Rather than using images to simply supplement textual evidence in historical writing, this instance reveals the possibilities for expanding narratives through visual histories. How might we more frequently incorporate the use of photography in its rawest and least edited form—the negative—as a source in the study of history? How might we seek to incorporate visual resources into narratives while still maintaining a critical lens regarding these events? To begin to answer these questions as a community, researchers might begin to look for similar threads within their own source bases.
- Bloom, Joshua and Waldo E. Martin. Black Against Empire: The History and the Politics of the Black Panther Party. Berkeley: University of California Press, c2013.
- Malloy, Sean. Out of Oakland: Black Panther Party Internationalism During the Cold War. Ithaca: Cornell University Press, 2017.
- Wu, Judy Tzu-Chun. Radicals on the Road: Internationalism, Orientalism, and Feminism during the Vietnam Era. Ithaca: Cornell University Press, 2013.
- Young, Benjamin. “Juche in the United States: The Black Panther Party’s Relations with North Korea, 1969-1971.” In The Asia-Pacific Journal, Vol. 13, Issue 12, No. 2, March 30, 2015.
E. Rafael Perez is a PhD Candidate in the Department of History at the University of Chicago. He is a recipient of the 2018 Mellon Fellowships for Dissertation Research in Original Sources, administered by the Council on Library and Information Resources (CLIR). For more recommendations that reflect the recent rise of rigorous historical research related to the Black Panther International Section, please contact him at erp1[at]uchicago.edu.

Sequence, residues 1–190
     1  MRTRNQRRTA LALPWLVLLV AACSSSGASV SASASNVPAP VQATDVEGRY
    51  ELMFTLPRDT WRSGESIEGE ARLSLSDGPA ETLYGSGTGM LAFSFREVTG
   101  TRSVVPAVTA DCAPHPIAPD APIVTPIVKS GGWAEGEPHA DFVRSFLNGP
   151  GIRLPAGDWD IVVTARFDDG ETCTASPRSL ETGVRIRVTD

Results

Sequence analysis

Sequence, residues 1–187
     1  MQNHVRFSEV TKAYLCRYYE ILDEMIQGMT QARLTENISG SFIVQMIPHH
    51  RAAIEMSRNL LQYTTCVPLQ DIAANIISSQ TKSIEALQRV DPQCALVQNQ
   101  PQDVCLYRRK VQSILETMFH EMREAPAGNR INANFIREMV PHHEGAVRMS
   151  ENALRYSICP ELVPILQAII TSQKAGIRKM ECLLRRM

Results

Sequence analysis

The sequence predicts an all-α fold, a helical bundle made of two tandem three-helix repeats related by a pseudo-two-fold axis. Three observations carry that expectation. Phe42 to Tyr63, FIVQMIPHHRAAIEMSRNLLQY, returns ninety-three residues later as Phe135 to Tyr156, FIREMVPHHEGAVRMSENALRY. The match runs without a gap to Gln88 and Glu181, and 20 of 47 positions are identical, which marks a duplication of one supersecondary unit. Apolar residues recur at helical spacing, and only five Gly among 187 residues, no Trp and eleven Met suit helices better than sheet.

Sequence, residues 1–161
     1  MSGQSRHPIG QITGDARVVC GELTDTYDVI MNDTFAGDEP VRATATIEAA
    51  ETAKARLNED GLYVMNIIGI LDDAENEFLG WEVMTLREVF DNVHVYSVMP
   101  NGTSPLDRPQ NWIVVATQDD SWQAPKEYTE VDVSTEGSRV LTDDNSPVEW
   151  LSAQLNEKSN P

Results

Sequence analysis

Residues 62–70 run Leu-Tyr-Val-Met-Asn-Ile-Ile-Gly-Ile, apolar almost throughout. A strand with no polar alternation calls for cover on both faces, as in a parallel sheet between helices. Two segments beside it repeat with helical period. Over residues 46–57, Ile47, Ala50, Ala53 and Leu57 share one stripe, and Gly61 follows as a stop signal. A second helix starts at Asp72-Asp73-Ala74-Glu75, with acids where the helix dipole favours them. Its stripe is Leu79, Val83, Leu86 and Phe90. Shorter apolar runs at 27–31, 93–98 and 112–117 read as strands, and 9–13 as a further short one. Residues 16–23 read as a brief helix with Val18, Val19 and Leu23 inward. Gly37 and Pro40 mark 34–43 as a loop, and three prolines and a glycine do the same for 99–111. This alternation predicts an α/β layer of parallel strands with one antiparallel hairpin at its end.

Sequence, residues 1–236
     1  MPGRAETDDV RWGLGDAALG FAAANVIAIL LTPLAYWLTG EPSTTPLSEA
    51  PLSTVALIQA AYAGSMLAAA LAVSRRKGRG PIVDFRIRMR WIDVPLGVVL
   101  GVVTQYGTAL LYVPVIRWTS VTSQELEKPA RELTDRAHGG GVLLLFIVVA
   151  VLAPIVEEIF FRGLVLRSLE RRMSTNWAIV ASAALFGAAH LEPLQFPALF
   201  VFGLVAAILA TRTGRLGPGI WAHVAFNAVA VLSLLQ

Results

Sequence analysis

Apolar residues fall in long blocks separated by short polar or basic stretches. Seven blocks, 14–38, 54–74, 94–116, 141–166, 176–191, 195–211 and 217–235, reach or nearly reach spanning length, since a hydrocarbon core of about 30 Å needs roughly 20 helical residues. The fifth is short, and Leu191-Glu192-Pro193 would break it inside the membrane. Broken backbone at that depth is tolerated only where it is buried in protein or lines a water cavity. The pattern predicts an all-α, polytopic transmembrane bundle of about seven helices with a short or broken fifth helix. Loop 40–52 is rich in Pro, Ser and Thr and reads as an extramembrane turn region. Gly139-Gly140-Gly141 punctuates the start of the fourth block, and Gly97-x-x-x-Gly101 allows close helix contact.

Thérèse Bonney aboard the S.S. Siboney, en route to Portugal, 1941. BANC PIC 1982.111 series 3, NNEG box 49, item 19
Pioneering war correspondent and Cal grad Mabel Thérèse Bonney (1894-1978) was decorated with the Croix de Guerre and the Legion d’Honneur by the French government, and the Order of the White Rose of Finland for her work during World War II. Her photographs were exhibited at the Museum of Modern Art, the Library of Congress, and Carnegie Hall during her lifetime. Her work on children displaced by war spurred the United Nations to create their international children’s emergency fund, UNICEF, in 1946, and inspired the Academy Award-winning film The Search in 1948. Yet in the canon of female war photographers that includes contemporaries such as Lee Miller, Margaret Bourke-White, and Toni Frissell, Bonney rarely receives mention. Bonney was a renaissance woman whose life deserves further study, and her collections at the Bancroft Library are ripe for discovery. Manuscript Archivist Marjorie Bryer has processed The Thérèse Bonney papers, and Pictorial Archivist Sara Ferguson has digitized over 2,500 previously inaccessible nitrate negatives from the Thérèse Bonney Photograph Collection.